Of all the preposterous assumptions of humanity over humanity, nothing exceeds most of the criticisms made on the habits of the poor by the well-housed, well-warmed, and well-fed.  --Herman Melville

light over garage door. (post #197386, reply #6 of 8)

Since you are running surface on the interior, get youself some 1/8" lamp tubing ( the fine thread miniature pipe that will protrude in some fixtures for a fancy retainer) that is long enough to pnetrate through the headerand just far enough into the juncction box to install a retainer nut. If you get a long enough piece this will also serve to ground the fixture if you fasten it securely to the fixture. This might not work with a Jelly Jar but the nicer fixtures generally already have some of this type tubing incorporated into its design that can either be coupled to or replaced. Extend (replace with longer as nop room in tubing for splice) wires if necessary. But this gives you a minaturre conduit through any type of facade. I have used it throught brick, deep concrete, and many unusual situations. Accuracy of your hole is important for fixture placement with this technique but qorth the effort in simplicity. I have taken 3 bulb fixtures and split wired them so they have one bulb dawn to dusk and the other two on a motion/ wall manual control, tied with the garage door opener via relay so when approaching and pop the door lights perk from 1 bulb to 3 bulb. Sorry I meant to join and respond to you way back when. It is a little more involved until you find a good supply of lamp parts, but once you locate materials it is a piece of cake and certainly beats hacking 4 inch holes into stucco walls or argh solid material when there is a garage on the other side of the wall..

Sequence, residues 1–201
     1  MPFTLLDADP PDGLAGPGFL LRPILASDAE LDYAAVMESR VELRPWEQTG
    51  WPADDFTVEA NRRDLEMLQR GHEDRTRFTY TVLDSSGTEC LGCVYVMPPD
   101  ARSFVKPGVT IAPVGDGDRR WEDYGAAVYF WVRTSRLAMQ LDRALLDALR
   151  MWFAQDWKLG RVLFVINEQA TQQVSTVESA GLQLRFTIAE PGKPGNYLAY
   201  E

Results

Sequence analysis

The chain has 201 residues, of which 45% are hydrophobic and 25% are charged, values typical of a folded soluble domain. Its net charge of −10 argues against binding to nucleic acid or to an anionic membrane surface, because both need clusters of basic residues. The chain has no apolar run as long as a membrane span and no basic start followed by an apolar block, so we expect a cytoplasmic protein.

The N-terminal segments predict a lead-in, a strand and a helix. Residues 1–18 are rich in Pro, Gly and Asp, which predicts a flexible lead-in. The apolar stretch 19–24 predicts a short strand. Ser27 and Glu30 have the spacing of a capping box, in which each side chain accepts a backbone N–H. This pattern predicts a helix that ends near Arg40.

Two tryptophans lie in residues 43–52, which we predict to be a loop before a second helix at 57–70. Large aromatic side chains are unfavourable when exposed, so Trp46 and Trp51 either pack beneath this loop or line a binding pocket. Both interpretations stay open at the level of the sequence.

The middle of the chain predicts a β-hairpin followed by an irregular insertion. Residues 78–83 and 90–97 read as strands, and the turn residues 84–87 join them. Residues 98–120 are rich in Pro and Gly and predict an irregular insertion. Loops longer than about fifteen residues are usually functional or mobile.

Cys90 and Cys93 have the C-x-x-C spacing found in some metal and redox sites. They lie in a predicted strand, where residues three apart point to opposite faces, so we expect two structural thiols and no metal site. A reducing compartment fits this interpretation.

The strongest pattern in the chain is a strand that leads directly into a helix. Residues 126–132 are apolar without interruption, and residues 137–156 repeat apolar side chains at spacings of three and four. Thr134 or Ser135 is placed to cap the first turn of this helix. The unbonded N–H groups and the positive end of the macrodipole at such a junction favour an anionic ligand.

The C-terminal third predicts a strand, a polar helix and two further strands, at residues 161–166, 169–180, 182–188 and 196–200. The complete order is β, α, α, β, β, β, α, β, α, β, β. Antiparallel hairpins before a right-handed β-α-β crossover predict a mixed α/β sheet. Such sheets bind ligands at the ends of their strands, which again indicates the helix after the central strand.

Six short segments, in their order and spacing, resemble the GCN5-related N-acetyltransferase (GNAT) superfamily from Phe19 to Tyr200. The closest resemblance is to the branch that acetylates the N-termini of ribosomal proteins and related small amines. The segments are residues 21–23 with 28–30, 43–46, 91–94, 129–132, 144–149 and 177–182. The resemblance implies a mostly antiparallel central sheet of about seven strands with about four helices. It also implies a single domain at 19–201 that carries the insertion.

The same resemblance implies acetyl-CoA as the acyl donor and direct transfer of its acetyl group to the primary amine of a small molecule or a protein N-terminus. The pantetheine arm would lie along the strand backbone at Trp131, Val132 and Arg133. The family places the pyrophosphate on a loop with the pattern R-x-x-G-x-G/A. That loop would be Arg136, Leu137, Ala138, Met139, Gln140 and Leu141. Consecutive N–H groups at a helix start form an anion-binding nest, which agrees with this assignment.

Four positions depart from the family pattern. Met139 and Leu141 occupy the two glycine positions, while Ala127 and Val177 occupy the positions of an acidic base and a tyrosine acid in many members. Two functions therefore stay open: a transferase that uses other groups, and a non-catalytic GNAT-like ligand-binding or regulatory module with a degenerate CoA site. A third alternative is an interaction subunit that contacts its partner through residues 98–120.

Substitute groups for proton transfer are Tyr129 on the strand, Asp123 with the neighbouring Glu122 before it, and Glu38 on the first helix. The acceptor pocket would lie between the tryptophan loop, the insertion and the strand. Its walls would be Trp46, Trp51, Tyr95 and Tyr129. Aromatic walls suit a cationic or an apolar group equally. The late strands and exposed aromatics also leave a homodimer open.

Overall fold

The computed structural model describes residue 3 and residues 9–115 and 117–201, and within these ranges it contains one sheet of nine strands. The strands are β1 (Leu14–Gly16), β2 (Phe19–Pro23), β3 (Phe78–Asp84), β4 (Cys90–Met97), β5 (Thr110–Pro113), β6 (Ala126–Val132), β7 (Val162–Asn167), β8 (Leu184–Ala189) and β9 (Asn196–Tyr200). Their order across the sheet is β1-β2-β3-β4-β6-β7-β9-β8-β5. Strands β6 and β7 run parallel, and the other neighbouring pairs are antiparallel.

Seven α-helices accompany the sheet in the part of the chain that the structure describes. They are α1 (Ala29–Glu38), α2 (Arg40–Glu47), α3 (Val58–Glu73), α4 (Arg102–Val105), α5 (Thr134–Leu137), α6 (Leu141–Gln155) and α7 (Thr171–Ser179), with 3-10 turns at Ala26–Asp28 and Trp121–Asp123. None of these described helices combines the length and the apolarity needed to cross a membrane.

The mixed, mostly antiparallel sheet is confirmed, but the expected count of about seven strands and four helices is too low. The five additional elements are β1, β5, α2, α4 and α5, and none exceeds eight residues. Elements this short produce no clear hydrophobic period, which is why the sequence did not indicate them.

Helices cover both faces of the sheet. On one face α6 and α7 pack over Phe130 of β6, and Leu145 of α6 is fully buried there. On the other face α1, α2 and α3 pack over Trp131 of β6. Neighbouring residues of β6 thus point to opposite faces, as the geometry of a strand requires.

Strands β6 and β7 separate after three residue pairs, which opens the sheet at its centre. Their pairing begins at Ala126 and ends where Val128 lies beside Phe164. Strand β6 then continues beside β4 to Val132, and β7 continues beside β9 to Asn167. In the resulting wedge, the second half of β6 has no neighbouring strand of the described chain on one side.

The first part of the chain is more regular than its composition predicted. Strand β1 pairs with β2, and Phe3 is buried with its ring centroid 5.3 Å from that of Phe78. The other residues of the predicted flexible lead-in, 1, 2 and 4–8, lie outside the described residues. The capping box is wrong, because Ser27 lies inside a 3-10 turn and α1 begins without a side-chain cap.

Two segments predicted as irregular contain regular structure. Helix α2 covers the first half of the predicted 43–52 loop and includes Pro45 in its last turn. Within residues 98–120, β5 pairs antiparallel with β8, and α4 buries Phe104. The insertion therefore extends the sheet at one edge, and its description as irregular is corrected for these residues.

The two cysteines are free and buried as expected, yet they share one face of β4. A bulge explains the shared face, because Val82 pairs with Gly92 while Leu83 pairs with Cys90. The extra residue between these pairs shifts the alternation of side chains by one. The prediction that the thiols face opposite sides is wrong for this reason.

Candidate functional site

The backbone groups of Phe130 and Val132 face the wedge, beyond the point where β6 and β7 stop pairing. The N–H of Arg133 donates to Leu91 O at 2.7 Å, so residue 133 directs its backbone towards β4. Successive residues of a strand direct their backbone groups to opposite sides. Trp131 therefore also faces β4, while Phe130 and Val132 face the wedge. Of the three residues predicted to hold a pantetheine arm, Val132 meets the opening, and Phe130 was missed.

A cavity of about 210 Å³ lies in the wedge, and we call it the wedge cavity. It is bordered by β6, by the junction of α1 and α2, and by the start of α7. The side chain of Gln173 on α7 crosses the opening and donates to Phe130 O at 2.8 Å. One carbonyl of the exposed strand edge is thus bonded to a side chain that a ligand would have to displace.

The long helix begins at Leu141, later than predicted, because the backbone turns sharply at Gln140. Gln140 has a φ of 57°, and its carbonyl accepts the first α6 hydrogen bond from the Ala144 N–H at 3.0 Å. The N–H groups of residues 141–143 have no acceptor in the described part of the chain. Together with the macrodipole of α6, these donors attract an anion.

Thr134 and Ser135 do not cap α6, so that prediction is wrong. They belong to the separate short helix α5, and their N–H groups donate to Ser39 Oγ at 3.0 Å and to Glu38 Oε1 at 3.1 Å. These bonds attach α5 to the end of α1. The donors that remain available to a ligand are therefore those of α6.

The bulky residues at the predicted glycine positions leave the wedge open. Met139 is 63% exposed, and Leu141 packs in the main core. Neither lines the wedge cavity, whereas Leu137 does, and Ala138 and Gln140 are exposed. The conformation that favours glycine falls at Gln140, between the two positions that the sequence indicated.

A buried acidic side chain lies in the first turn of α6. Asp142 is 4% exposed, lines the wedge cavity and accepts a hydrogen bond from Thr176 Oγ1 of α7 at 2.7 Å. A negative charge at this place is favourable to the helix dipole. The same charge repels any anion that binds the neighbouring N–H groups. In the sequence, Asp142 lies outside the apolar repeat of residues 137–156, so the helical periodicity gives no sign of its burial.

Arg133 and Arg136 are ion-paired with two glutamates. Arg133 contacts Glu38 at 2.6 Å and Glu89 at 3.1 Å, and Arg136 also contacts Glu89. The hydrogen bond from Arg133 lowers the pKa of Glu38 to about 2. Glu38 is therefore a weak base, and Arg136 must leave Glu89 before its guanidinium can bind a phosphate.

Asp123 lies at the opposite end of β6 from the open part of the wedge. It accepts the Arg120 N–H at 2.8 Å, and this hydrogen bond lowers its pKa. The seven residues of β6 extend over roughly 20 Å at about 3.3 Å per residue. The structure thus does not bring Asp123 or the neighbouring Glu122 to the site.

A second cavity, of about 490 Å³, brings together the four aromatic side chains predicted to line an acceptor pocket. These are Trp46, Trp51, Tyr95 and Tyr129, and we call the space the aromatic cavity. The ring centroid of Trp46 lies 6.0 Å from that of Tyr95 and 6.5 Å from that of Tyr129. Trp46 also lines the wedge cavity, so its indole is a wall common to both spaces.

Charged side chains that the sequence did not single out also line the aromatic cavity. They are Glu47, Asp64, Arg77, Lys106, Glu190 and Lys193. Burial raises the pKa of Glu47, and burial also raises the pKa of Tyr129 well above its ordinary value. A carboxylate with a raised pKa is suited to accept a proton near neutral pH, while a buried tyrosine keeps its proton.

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Look to these folks for some (post #197386, reply #7 of 8)

Look to these folks for some ideas: http://www.stoncolighting.com/stonco/index.asp  They're quite affordable, user friendly, and available through any real supply house. Much better than the usual box store kludge. The 'jelly jar' or 'bulkhead' lights fit the round boxes.

You're blessed if you have solid concrete - though your comment about a header make me wonder. In any event, the idea is to mount a box on the inside wall, directly behind the light. Make the run through the wall using something called 'running thread,' also available from the supply house. You'll also need two lock nuts and a bushing on each end of the running thread.

Another thought is to completely conceal the fixture between the joists of that deck; doing so will let the light shine on the drive, yet not shine in your eyes or mar the appearance.

Please don't make the same (post #197386, reply #8 of 8)

Please don't make the same post twice.  It's unnecessary and confuses the hell out of the server software.


Of all the preposterous assumptions of humanity over humanity, nothing exceeds most of the criticisms made on the habits of the poor by the well-housed, well-warmed, and well-fed.  --Herman Melville